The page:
I use a 4-5 millimetre light brown quartz gravel with a base mineral fertiliser from SERA which goes under the gravel. A thin 1.5 centimetre layer of gravel goes over the under gravel heating cable. Make sure your heating cable is at least 300 watts. Then on goes the mineral soil fertiliser at a depth of around 1.5 to 2 centimetres and then 2 to 3 centimetres of gravel on top of that. Add any rocks or bogwood etc putting them into the places that you have already planned before hand.

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    Make sure you have got all your water ready and prepared to go in. To be honest the first water I put in during the planting stage is warmed up tap water. The reason for this is because when the tank has finally been planted there is usually a bit of debris and stuff floating around, so this gets siphoned out and I don't want to waste the prepared RO water which I am going to use to fill the tank up with later. Also have your filter in position and ready to switch on as soon as you have finished planting.

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    Make sure you have your plants ready in the order you are going to plant them. Start with the short foreground plants and work gradually up to the bigger plants. There is a reason for this. Draw a rough diagram of where you are going to plant in advance as part of your planning and stick to the plan. Carefully add just enough water to cover the height of the smaller foreground plants.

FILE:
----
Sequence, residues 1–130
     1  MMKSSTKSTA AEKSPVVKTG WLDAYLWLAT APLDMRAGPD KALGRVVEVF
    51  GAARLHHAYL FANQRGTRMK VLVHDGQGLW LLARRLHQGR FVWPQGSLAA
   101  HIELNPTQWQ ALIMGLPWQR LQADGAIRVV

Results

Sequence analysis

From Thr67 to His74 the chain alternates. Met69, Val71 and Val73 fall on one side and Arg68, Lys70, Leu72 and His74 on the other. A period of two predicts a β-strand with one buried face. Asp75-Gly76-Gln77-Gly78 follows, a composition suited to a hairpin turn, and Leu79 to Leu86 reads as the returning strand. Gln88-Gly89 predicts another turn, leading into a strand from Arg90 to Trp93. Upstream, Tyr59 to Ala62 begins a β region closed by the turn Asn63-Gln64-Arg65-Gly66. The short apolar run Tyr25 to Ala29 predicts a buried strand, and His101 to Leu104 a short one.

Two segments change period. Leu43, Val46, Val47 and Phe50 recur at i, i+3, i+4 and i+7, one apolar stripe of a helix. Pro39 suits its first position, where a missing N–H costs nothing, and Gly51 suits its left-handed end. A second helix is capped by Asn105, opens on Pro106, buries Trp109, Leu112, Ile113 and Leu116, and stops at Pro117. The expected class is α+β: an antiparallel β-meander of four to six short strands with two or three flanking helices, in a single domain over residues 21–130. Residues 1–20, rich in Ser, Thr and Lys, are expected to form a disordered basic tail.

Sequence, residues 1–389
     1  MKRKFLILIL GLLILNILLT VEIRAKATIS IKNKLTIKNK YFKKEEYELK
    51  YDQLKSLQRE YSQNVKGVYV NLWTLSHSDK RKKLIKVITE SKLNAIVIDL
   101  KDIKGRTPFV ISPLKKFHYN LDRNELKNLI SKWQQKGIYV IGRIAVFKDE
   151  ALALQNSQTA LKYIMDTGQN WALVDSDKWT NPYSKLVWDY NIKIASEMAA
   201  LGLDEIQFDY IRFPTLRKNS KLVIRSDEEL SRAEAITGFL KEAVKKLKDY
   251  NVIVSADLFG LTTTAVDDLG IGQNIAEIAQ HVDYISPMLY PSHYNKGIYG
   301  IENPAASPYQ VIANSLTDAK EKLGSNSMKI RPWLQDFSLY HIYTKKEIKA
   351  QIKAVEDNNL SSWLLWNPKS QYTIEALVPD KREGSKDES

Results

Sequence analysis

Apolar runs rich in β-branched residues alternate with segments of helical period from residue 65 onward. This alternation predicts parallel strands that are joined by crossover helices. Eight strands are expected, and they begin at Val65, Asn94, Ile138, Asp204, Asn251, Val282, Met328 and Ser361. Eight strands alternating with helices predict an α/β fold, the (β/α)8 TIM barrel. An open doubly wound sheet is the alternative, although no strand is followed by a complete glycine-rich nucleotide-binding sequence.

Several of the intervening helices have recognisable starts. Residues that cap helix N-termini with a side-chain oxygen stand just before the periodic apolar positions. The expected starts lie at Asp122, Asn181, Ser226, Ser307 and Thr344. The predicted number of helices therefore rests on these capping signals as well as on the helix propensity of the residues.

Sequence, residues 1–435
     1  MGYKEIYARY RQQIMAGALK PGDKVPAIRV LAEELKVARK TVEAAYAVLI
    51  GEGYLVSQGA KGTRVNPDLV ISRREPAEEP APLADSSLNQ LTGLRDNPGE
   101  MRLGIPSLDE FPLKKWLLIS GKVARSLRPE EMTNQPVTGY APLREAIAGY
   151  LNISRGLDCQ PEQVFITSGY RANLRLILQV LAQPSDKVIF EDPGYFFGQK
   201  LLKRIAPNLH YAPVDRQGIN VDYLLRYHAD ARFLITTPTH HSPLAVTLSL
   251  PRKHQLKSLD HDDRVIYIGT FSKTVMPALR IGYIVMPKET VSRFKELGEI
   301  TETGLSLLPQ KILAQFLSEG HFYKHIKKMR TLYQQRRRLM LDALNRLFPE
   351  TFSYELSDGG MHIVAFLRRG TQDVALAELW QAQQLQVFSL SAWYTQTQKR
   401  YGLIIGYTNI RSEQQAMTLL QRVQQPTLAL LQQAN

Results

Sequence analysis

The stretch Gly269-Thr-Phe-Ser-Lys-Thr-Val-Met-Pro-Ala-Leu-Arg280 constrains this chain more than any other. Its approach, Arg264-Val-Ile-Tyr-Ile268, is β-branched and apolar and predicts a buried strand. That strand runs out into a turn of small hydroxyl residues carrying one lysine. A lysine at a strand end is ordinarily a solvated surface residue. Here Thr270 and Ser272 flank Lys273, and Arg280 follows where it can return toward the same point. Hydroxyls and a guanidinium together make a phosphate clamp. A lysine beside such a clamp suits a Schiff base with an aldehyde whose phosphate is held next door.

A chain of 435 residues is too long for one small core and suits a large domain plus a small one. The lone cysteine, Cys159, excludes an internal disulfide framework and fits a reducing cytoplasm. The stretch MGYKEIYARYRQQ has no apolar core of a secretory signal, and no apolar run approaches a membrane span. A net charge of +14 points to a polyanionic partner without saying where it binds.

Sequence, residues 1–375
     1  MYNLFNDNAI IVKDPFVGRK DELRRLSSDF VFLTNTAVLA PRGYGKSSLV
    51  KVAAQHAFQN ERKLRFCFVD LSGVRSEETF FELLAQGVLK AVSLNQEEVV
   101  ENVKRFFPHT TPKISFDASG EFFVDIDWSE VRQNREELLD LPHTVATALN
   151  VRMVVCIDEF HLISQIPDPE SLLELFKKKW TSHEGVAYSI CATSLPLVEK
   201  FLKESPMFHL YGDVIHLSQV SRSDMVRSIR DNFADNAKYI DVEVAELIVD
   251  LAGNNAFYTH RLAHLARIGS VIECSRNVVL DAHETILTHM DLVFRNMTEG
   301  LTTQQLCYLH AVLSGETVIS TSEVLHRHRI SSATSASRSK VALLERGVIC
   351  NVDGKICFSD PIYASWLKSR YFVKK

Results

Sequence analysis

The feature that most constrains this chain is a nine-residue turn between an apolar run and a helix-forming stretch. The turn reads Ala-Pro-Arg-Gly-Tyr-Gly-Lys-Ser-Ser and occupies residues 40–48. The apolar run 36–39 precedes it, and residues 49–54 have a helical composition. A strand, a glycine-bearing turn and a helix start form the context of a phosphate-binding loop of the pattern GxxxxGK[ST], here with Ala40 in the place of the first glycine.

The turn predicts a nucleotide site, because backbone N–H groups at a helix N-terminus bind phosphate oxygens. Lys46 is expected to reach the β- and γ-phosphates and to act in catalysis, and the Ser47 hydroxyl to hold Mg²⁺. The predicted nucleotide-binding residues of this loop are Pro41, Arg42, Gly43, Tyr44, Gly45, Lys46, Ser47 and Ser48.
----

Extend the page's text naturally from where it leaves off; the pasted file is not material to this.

Finish planting the foreground plants and then add just enough water to cover the height of the next level of plants you are putting in.

    You can use a fine net to catch any bits that are floating about at this stage. Keep repeating this process until all your plants are in and you are happy. Then you need to get the undergravel heater on and if you are using any other internal heater get that on as well. Set the thermostats for a temperature not higher than 24 degrees. Then get your filter switched on.
    You can use any make you prefer, but I use an Eheim Professional 2 series external canister filter. The good thing about this one is that you can regulate the flow through of water and adjust it so that there is not a lot of turbulence. Too much turbulence will cause the CO2 to disperse from the water and therefore your plants will not get the amount they need even though the CO2 sytem is almost permanently on.

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    The lighting I used on the tank you probably saw in the photographs is a Guisemann Moonlight 260. This had two 30 watt Grolux tubes and two 150 watt, 6000 Kelvin (heat rating) HQI metal halides built into it. I bought the light mail order from a company down south which imports the Guisemann lighting systems from Germany. I had it originally on my marine tank with higher powered lighting in it. But I adapted it with lower rating lights so that I did not bleach or burn the plants with too powerful lights.